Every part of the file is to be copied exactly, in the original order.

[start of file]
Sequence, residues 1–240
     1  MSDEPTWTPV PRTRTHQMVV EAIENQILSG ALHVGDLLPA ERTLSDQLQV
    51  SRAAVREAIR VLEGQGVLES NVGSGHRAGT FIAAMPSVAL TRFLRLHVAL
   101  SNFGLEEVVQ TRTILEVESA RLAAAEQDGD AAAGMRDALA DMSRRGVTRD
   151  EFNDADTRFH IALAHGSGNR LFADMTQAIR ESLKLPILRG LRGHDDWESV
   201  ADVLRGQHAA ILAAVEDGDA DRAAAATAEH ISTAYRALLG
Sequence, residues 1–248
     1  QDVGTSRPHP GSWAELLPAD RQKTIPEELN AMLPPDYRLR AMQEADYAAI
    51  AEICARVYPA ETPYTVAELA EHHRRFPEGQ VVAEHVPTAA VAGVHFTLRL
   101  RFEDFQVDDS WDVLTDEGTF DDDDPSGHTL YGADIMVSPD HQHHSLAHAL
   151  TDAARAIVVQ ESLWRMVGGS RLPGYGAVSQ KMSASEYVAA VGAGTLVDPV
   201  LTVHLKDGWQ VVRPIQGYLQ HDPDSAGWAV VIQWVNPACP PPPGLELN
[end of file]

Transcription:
Sequence, residues 1–240
     1  MSDEPTWTPV PRTRTHQMVV EAIENQILSG ALHVGDLLPA ERTLSDQLQV
    51  SRAAVREAIR VLEGQGVLES NVGSGHRAGT FIAAMPSVAL TRFLRLHVAL
   101  SNFGLEEVVQ TRTILEVESA RLAAAEQDGD AAAGMRDALA DMSRRGVTRD
   151  EFNDADTRFH IALAHGSGNR LFADMTQAIR ESLKLPILRG LRGHDDWESV
   201  ADVLRGQHAA ILAAVEDGDA DRAAAATAEH ISTAYRALLG
Sequence, residues 1–248
     1  QDVGTSRPHP GSWAELLPAD RQKTIPEELN AMLPPDYRLR AMQEADYAAI
    51  AEICARVYPA ETPYTVAELA EHHRRFPEGQ VVAEHVPTAA VAGVHFTLRL
   101  RFEDFQVDDS WDVLTDEGTF DDDDPSGHTL YGADIMVSPD HQHHSLAHAL
   151  TDAARAIVVQ ESLWRMVGGS RLPGYGAVSQ KMSASEYVAA VGAGTLVDPV
   201  LTVHLKDGWQ VVRPIQGYLQ HDPDSAGWAV VIQWVNPACP PPPGLELN